All moulds have the potential to cause health effects. Moulds produce allergens, irritants and in some cases, toxins that may cause reactions in humans. The types and severity of symptoms depend, in part, on the types of mould present, the extent of an individual's exposure, the ages of the individuals and their existing sensitivities or allergies.
Allergy-like symptoms such as eye, nose, throat, headache, fatigue and dizziness can result from exposure to these microbiological contaminants. Chronic exposure can lead to Hypersensitivity pneumonitis, allergic asthma and chronic allergy symptoms. Some species of mould produce toxic substances called Mycotoxins and release them into the environment. Many of these Mycotoxins are neurotoxins or immuno-suppressors. Mycotoxins can cause adverse health effects at very low concentrations. Some of the moulds that are known to produce mycotoxins are commonly found in moisture damaged building materials. Exposure pathways include inhalation, ingestion and skin contact.
Several moulds also release Microbial Volatile Organic Compounds into the air. These volatile carbon/oxygen based gases are emitted as part of the microbial metabolism and produce the odour associated with the presence of mould in the home. MVOCs are known irritants. Exposure to MVOCs from mould has been linked to headaches, nasal irritation, dizziness, fatigue and nausea.
Allergic reactions to mould are common and can be set off by breathing spores or skin contact to mould when the person has an increased level of sensitivity. Reactions my be immediate or delayed and may include fever, sneezing, runny nose and/or burning eyes. It has been reported that repeated or even a single exposure to mould may cause a previously non-sensitive individual to become sensitive. The more prolonged the exposure, the greater the risk of developing sensitivity.
Asthma attacks have been triggered by mould exposure. The irritants produced by moulds may also worsen asthma in non-allergic (non-sensitized) people.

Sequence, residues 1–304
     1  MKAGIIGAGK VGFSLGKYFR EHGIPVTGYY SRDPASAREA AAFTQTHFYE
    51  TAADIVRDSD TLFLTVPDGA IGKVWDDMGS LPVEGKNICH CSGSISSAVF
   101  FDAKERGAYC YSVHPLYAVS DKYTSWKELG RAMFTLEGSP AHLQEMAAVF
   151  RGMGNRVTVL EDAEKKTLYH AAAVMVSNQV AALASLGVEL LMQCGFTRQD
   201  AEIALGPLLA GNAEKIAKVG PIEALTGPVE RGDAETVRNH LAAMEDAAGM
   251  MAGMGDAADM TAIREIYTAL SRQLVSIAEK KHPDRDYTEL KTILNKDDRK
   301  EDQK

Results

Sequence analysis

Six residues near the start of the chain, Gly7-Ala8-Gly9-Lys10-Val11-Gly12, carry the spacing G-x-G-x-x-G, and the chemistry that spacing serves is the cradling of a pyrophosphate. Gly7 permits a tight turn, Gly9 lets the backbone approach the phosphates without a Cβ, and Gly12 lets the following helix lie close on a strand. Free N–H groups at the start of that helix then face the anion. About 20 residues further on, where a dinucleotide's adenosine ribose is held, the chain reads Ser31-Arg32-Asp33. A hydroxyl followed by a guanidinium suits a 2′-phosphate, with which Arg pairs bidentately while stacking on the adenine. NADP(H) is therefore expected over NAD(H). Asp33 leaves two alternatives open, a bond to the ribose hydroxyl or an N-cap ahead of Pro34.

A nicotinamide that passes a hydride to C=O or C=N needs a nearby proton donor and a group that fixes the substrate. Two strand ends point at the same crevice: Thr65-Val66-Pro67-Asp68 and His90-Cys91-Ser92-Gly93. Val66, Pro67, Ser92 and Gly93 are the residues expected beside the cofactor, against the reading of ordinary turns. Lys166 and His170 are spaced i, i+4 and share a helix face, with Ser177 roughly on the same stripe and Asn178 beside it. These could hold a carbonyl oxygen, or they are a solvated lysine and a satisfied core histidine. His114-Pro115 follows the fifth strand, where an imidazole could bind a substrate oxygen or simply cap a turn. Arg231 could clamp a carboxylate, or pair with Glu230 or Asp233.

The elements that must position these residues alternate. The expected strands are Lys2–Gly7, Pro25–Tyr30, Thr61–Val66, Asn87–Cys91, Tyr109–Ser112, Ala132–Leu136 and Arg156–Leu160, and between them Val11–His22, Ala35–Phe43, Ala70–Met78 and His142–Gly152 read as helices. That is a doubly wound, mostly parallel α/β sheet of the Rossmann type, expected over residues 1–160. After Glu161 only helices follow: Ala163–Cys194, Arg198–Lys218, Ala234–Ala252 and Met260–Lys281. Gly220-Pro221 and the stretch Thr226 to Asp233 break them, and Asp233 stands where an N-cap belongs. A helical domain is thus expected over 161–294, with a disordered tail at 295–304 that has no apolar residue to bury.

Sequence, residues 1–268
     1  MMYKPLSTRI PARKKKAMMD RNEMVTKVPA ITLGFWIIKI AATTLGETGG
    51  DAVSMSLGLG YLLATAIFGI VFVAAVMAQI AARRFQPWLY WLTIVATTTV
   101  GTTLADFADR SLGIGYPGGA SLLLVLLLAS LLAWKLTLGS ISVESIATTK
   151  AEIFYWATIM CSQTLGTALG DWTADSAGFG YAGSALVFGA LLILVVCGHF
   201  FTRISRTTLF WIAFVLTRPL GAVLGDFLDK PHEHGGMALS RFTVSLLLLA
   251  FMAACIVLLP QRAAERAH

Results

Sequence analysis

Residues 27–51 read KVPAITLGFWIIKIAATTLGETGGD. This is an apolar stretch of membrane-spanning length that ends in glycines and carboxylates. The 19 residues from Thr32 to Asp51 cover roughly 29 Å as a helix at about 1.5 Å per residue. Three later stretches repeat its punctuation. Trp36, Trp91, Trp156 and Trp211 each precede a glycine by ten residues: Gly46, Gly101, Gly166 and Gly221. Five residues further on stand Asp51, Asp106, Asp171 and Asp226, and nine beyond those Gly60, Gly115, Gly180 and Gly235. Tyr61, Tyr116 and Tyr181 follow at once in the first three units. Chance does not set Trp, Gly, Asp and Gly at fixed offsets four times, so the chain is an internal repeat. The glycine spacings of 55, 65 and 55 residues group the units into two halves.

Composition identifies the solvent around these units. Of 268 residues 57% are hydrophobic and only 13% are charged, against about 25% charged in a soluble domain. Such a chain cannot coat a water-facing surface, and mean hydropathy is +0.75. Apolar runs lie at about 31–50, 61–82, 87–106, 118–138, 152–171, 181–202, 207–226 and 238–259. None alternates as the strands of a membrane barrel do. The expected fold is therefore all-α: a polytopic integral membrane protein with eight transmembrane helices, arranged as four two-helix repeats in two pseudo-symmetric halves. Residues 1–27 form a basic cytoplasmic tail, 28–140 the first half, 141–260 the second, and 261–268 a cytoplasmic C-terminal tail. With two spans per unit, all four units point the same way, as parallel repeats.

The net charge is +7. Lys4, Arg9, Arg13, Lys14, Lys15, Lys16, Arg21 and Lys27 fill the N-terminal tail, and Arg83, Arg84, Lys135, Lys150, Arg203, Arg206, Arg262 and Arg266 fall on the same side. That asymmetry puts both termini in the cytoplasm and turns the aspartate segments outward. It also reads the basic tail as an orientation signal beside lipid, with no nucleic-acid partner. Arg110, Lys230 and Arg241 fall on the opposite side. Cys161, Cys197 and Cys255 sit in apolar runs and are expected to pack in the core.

A disease that resembles pneumonia called Hypersensitivity Pneumonitis may develop during either a short, acute exposure or chronic exposure. This is a rare disease and very debilitating.
Persons with compromised immune systems may fall prey to opportunistic infections as a result of their bodies' inability to protect itself against common mould exposure.
Moist indoor environments also lead to rapid and continuous growth of bacteria. Many bacteria are known to cause diseases. Although non-pathogenic bacteria do not cause disease, they can challenge the immune system when inhaled in large doses. Non-Pathogenic bacteria can become opportunistic pathogens (disease-causing) on cancer patients or others with compromised immune systems. Negative gram bacteria produce Endotoxins, which can cause fever, headaches, chills, impaired organ function, shock and respiratory distress.
High humidity, condensation and moisture damaged building materials create an environment which supports the rapid and continuous growth of moulds, mildews and bacteria in the home. The recommended "Comfort Zone" for relative humidity in the home is 40% RH to 60% RH. Deviations from this range can coincide with increased levels of bacteria, viruses, mould and other factors that reduce air quality and lead to respiratory problems, including sinus problems and asthma. Some indoor air quality specialists recommend that relative humidity be maintained at less than 55% to control fungal proliferation.
Excess moisture in the home is also a problem because it leads to decay of building materials; it creates conditions that support wood-destroying insect infestations and supports dust mite activity, which in turn can contribute to allergies and asthma. (Dust mites require humidity of over 60% to thrive. Populations are wiped out when humidity levels are below 50%.)
(from www.myoasis.ca )